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Air Force firefighters being covered in AFFF during training.
Air Force firefighters being covered in AFFF during training. (Joe Zapala)
Air Force firefighters being covered in AFFF during training.
Air Force firefighters being covered in AFFF during training. (Joe Zapala)
Kirtland Air Force Base firefighters spray foam to tamp down a recycling plant fire in Albuquerque, NM, on Sept. 29, 2020.
Kirtland Air Force Base firefighters spray foam to tamp down a recycling plant fire in Albuquerque, NM, on Sept. 29, 2020. (U.S. Air Force)
Kirtland Air Force Base firefighters spray foam to tamp down a recycling plant fire in Albuquerque, NM, on Sept. 29, 2020.
Kirtland Air Force Base firefighters spray foam to tamp down a recycling plant fire in Albuquerque, NM, on Sept. 29, 2020. (U.S. Air Force)

WASHINGTON — Neil Hogan and Jason Linta have something in common beyond their five years of service together as military firefighters at Eglin Air Force Base in the mid-1990s. Both men have been diagnosed with terminal cancer and are fighting for their lives.

Linta, medically retired after nearly 24 years in the military, was diagnosed in December 2017 with adenoid cystic carcinoma. The rare cancer has spread from his tear gland to other parts of his body.

Hogan medically retired after spending his entire career as a firefighter with the Defense Department. Now 48, he’s battling brain and prostate cancer.

Linta and Hogan are among many service members coping with health conditions that doctors believe are tied to years of exposure to highly toxic, cancer-causing chemicals found in firefighting foam.

“Some people say, ‘Oh, they’re firefighters. They know the risk.’ [But] we didn’t sign up to get cancer. We signed up to be firefighters,” Linta said in an interview Thursday.

Linta said he knows of six other firefighters who served at Eglin who have been diagnosed with cancer, and some have died.

“It’s time for [the government] to step up and take care of our firefighters and our veterans that have defended our nation,” he said.

This week, a House sub-panel met to address implications of exposure and cleanup efforts, and the message was clear: For too long “little to no action” has been taken by the government.

Decades of exposureService members use foam for a range of military activities and to extinguish aircraft fuel fires. For decades, that foam was described as safe, just like “soap and water,” veterans said in interviews this month.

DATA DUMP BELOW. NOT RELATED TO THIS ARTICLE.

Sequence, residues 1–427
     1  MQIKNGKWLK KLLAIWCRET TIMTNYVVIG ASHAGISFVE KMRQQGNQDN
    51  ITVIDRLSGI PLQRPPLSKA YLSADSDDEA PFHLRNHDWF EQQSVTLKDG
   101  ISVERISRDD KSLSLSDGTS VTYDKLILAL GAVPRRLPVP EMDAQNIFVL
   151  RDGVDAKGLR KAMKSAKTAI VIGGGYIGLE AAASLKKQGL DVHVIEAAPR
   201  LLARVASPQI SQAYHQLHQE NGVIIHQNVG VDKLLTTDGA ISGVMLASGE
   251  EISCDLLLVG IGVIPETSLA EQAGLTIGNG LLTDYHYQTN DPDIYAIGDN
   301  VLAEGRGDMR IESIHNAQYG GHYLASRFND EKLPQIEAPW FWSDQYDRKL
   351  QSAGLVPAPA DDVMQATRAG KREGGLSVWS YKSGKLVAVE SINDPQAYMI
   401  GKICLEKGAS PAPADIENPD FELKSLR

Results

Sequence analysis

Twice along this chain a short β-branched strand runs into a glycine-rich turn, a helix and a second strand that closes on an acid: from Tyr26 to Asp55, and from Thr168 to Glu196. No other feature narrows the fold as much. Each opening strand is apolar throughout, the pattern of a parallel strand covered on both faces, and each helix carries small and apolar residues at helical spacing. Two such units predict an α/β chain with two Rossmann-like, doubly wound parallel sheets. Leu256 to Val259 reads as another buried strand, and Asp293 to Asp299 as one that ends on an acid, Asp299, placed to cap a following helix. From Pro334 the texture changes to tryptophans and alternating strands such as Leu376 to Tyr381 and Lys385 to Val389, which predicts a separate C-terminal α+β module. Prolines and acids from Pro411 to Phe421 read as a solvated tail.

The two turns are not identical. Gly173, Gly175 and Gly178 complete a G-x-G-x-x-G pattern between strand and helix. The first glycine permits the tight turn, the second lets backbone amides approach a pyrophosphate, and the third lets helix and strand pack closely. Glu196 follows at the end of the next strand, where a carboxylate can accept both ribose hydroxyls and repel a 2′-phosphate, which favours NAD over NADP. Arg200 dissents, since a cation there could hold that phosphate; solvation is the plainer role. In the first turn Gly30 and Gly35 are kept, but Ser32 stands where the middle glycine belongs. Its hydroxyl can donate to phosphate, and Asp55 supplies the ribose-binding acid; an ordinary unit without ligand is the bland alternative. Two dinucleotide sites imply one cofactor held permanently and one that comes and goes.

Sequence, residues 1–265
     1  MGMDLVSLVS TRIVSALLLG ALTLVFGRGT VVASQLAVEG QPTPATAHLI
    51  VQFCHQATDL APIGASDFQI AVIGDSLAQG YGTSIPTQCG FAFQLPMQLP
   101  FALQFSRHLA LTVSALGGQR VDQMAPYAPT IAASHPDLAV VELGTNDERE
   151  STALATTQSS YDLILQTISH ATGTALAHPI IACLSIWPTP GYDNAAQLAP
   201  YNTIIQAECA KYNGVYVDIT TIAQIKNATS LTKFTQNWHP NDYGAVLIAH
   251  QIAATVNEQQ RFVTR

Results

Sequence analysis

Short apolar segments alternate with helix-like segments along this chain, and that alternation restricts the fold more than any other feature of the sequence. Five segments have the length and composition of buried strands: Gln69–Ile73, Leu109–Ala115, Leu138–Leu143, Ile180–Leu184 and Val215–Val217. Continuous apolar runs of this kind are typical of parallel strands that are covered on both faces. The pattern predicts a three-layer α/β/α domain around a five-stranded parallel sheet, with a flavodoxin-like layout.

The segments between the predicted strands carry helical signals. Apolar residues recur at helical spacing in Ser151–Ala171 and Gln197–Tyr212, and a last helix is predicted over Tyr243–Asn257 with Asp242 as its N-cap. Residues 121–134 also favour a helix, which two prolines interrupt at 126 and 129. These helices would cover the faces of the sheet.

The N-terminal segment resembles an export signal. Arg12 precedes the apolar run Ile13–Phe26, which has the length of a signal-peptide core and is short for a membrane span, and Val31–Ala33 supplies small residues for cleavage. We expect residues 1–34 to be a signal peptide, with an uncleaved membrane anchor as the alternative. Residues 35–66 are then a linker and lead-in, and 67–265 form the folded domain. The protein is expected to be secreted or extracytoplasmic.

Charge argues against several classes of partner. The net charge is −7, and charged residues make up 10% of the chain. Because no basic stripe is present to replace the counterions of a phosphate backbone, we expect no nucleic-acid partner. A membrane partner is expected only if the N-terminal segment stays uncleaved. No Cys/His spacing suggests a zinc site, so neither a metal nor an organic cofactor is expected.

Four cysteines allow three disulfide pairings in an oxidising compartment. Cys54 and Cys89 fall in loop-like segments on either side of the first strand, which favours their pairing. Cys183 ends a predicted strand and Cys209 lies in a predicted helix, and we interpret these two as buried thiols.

The chemicals, per- and polyfluoroalkyl substances, are more commonly known as PFAS and are present in aqueous film forming foam, or AFFF. The chemicals have been dubbed “forever chemicals” because they do not readily break down and last for a long time in the environment and in the body.

The first Defense Department study that found firefighting foam used on military bases was toxic came out in the 1970s. But its use continued.

The military has argued that using AFFF was necessary because of its effectiveness to fight fuel fires. More than 40 years later, Congress demanded that the foam be replaced, after a growing body of scientific research revealed its lasting health risks.

A provision in the 2020 National Defense Authorization Act was the first sweeping effort from Congress to address the issue. The measure required the Defense Department to phase out the dangerous foam by Oct. 1, 2024.

Not enough actionA House Appropriations Committee sub-panel held a hearing this week with Defense and Veterans Affairs Department officials and experts to discuss the impacts of exposure to forever chemicals, the pace of cleanups on contaminated military sites and progress to remediate the issue.

Subcommittee Chairwoman Debbie Wasserman Schultz, D-Fla., said in her opening statement that for too long “little to no action” has been taken by the government. In 2016, the DOD began to clean-up the harmful chemicals “after decades of concern over exposure to PFAS,” she said.

“However, the department is still not doing enough, citing a lack of evidence. DoD has been slow to spend and execute hundreds of millions of congressionally appropriated cleanup funds,” Schultz said.

The role of the subcommittees, including military construction and veterans affairs, is to fund the cleanup of former military bases and provide oversight on how appropriated funds are spent.

DOD officials said at Wednesday’s hearing that they are continuing work started under the department’s PFAS task force. The Defense Department created the task force in July 2019 to deal with the chemicals found on military bases and in surrounding water sources.